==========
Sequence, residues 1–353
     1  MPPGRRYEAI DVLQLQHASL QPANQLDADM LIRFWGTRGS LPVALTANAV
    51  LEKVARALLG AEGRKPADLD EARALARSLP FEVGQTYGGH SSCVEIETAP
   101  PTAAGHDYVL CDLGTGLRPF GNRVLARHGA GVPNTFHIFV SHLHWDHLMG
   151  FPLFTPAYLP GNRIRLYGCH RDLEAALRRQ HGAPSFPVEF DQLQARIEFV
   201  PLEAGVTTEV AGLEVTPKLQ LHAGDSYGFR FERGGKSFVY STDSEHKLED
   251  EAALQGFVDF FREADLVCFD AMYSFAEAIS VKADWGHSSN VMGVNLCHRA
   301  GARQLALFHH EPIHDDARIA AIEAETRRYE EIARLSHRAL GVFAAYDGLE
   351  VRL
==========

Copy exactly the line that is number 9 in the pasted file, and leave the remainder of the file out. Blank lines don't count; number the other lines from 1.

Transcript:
   351  VRL